The work environment in which employees deliver and patients receive hospital care is increasingly recognized as a key success factor in the health care industry (e.g., McCaughey, McGhan, Walsh, Rathert, & Belue, 2014; Rathert & May, 2007). In this context, the construct of organizational climate has garnered a great deal of attention in the health care literature (e.g., McFadden, Stock, & Gowen, 2015; Richter, McAlearney, & Pennell, 2016; Singer et al., 2009). Organizational climate refers to shared perceptions related to the policies, procedures, and practices that govern behaviors in a specific area of interest. Organizational climate has been characterized as foundational or specific (Schneider, Ehrhart, & Macey, 2013). Foundational climates are shared perceptions that reference the broad workplace environment and can provide a supportive foundation for specific climates to develop (Schneider et al., 2013). Specific climates focus on specific types of behaviors, such as customer service and safety. Despite acknowledging that interpersonal interactions may be important determinants of care performance (e.g., Gittell, Godfrey, & Thistlethwaite, 2013; Wright & Khatri, 2015), health care scholars have devoted scant attention to foundational climates of courteous interpersonal behavior. Addressing this research gap, in this article, we develop a conceptual framework for how civility climate, a foundational climate that represents courteous interpersonal behavior (Leiter, Spence Laschinger, Day, & Oore, 2011; Osatuke, Moore, Ward, Dyrenforth, & Belton, 2009), impacts hospital care performance as measured by employee and patient perceptions. Building on prior research, we define civility climate as a shared perception of the extent to which an organization rewards, supports, and expects (a) respect and acceptance, (b) cooperation, (c) supportive relationships between coworkers, and (d) fair conflict resolution (Osatuke et al., 2009).
The purpose of the current study is to test a conceptual framework that advances health care research in three ways. First, adding to the growing, but limited, civility research in health care, we investigate the link between civility climate, a foundational climate, and care performance. Prior civility research in the health care context has focused on the evaluation of employee-based civility interventions and the impact of civility on health care provider outcomes (Laschinger & Read, 2016; Leiter et al., 2011; Osatuke et al., 2009). McGonagle, Walsh, Kath, and Morrow (2014) provided initial evidence on the association between civility norms and workplace safety, such as unsafe worker behaviors and injuries. While acknowledging this research for highlighting the importance of civility in the health care context, there remains limited knowledge on whether and how shared perceptions of civil interactions at work affects perceptions of care performance.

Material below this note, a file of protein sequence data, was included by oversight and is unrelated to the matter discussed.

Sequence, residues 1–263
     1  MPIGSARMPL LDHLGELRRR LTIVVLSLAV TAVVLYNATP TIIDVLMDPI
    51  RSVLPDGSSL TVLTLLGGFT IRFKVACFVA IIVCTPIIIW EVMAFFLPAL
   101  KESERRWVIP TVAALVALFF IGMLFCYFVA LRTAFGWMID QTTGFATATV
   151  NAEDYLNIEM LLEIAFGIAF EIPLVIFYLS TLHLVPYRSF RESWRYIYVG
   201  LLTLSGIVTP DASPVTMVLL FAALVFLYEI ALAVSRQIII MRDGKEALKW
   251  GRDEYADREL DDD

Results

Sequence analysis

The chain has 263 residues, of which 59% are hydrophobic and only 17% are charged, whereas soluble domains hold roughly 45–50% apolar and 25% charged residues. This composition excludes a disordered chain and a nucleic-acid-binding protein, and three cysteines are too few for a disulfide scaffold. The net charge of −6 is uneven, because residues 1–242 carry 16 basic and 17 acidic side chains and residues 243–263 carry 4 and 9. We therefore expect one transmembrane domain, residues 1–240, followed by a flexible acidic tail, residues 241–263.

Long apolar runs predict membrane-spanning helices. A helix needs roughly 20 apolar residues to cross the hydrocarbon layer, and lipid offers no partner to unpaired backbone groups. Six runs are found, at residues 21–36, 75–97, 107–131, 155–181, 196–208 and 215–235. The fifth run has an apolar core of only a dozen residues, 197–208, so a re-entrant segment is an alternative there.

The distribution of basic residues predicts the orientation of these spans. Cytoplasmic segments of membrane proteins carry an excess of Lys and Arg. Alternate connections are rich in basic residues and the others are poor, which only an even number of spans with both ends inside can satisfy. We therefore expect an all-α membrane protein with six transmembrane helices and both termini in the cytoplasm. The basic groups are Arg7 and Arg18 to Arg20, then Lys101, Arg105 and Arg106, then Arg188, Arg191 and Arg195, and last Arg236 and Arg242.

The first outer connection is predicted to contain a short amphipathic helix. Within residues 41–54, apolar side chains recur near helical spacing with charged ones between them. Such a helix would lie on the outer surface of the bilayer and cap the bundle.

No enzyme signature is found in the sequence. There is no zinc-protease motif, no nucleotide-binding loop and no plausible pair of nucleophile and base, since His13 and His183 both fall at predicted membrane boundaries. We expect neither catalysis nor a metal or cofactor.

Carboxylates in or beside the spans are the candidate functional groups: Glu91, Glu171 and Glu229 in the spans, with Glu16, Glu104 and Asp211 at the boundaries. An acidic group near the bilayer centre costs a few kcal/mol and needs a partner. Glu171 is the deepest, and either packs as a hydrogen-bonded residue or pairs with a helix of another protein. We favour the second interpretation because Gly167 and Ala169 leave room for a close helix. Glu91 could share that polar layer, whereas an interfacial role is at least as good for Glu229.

Second, the vast majority of empirical studies in the health care context have related climate directly to organizational outcomes, neglecting the “black box” of the processes intervening between organizational climate and performance (Hofmann & Mark, 2006; Singer et al., 2009). Reviewing prior health care climate research, two streams emerge. Foundational climate research, focusing on aspects related to the psychosocial work environment or workplace bullying, tend to focus on employee-related outcomes, such as employee well-being (e.g., Rodwell, Demir, Parris, Steane, & Noblet, 2012). Research focusing on specific climate dimensions, such as safety climate, tends to focus on the impact on patient outcomes (e.g., McFadden et al., 2015; Singer et al., 2009). This fragmentation in existing research limits our understanding of (a) the link between foundational and specific climates and (b) mediating process through which climate affects different dimensions of performance in health care. In an attempt to address this research gap, we combine foundational and specific climate research. Specifically, we test hypotheses regarding how error orientation climate (i.e., a shared perception of attitudinal and behavioral tendencies relevant to handling and processing errors) might explain the link between civility climate and performance. Error orientation is a key factor in safety climate, a specific climate, and concerns desirable workplace attitudes and behaviors that are pivotal for delivering high-quality health care (Hofmann & Mark, 2006; Naveh & Katz-Navon, 2014). Considering that medical errors are frequently related to interactions within the hospital care team (Buljac-Samardžic, Van Woerkom, & Paauwe, 2012), a shared perception of error orientation is assumed to be particularly sensitive to interpersonal aspects of the work environment (Naveh & Katz-Navon, 2014), such as civility. Taking up on this evidence, we conceive error orientation climate as an important mediator in the civility–performance link. We posit that a strong foundational civility climate is needed to promote error orientation climate, which may explain how civility climate affects care perceptions.